A lawyer for the Brotherhood, Abdel Moneim Abdel Maqsoud, responded angrily. “This crazy man, Tawfik Okasha, and Al Dustour — is this journalism?” he asked in an interview, “Is this freedom of the media? When has the media ever stopped insulting the Muslim Brotherhood, day and night?”
In some cases, Mr. Morsi himself has struck back at news organizations. Last month, his spokesman, Yasser Ali, said that the president was suing two news outlets, which he did not name, on charges including “defaming the president.” The Brotherhood has also filed complaints, including against Al Dustour, Mr. Abdel Maqsoud said.
The government authorities have moved aggressively in recent days to act on the complaints, though it is not clear on whose orders they are acting.
After Mr. Okasha’s threats, the government branch that regulates satellite channels suspended Al Faraeen, the channel that carries his program. Mr. Okasha was also charged with, among other things, inciting violence.
On Saturday, Interior Ministry officials confiscated 99 copies of Al Dustour. The newspaper’s editor, Islam Afifi, said that the authorities had told him that “citizens” had filed complaints against the paper. The authorities, he said, “were keen on stressing” that the complaining citizens “did not belong to the Muslim Brotherhood,” he said.
Mr. Afifi defended the front-page editorial, saying it simply called for the military to remain as a “guardian of the civil nature of the state.”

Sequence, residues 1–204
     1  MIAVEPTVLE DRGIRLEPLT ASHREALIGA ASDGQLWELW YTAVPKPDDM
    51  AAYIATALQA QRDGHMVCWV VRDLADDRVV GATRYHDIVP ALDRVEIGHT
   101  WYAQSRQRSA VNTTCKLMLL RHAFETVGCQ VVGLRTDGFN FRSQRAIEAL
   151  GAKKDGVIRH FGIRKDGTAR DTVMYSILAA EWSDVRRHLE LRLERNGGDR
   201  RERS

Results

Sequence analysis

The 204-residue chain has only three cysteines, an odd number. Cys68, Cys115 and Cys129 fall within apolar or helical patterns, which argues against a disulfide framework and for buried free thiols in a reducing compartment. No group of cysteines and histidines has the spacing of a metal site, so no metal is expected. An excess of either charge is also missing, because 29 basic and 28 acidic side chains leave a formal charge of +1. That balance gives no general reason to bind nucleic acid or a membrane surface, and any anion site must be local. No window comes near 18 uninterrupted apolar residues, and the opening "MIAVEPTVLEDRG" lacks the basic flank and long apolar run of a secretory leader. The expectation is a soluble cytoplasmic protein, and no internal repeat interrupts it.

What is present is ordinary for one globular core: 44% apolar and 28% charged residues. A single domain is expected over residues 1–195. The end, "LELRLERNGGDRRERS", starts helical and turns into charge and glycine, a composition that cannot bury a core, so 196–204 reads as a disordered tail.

“The legal description of publishing crimes is too broad, and the law of publishing needs revision,” he said. “After the January revolution, Egypt is living in a different phase, and criticism is supposed to be permitted to the maximum as long as it doesn’t target a person himself, or his family or his religious beliefs.”
Mr. Afifi and Mr. Okasha have found defenders among people who do not normally support their views. Writing in the daily newspaper Al-Masry Al-Youm, the writer Alaa al-Aswany said the charges against Mr. Afifi, including insulting the president and stirring strife, “could be brought against any individuals who don’t please President Morsi.” He expressed hope that Mr. Morsi “would stop chasing after journalists in order for Egyptians to be persuaded that he really wants to build real democracy.”
Journalists have also protested what they said were flawed criteria used to choose top editors for state-owned newspapers, saying those selected were either sympathetic to the Brotherhood or pliant holdovers from the Mubarak government.
Al-Akhbar’s new editor, Mohammed Hassan el-Banna, has come under fire from colleagues twice since he assumed his post a week ago. Columnists said they were censored for criticizing the Brotherhood, but Mr. Banna said that one case was a matter of space: the paper had cut down the number of editorial pages. The columnist Abla El-Roweini told Ahram Online that she was asked to tone down her critique of the Brotherhood. Mr. Banna responded that he had no problem with the criticism, but that Ms. Roweini had refused to “change a phrase in an article I personally couldn’t accept.”
The phrase, he said, was, “Journalism has worn a veil.”